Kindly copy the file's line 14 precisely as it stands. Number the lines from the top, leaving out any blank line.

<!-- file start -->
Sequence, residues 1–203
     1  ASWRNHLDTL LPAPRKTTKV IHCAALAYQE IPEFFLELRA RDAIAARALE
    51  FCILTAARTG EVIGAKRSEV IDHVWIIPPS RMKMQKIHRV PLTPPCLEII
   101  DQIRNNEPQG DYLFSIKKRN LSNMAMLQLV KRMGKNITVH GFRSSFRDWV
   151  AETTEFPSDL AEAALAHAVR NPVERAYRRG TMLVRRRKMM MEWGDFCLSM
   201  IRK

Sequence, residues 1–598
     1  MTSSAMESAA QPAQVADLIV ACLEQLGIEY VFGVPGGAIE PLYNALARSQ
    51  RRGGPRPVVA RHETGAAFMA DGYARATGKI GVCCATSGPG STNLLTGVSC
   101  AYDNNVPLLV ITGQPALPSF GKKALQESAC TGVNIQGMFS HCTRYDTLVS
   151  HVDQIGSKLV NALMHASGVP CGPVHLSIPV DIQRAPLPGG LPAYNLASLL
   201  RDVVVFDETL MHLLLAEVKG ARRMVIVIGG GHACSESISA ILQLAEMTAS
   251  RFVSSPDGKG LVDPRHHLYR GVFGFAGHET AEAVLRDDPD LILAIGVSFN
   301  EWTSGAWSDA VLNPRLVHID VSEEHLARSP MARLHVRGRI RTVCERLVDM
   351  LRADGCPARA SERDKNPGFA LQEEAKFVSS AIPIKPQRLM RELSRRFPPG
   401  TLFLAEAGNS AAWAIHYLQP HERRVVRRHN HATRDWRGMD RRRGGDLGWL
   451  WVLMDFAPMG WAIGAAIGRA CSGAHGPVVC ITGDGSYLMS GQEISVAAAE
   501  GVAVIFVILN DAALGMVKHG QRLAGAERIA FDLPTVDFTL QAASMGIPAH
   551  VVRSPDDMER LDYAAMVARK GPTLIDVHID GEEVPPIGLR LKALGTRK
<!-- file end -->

   301  EWTSGAWSDA VLNPRLVHID VSEEHLARSP MARLHVRGRI RTVCERLVDM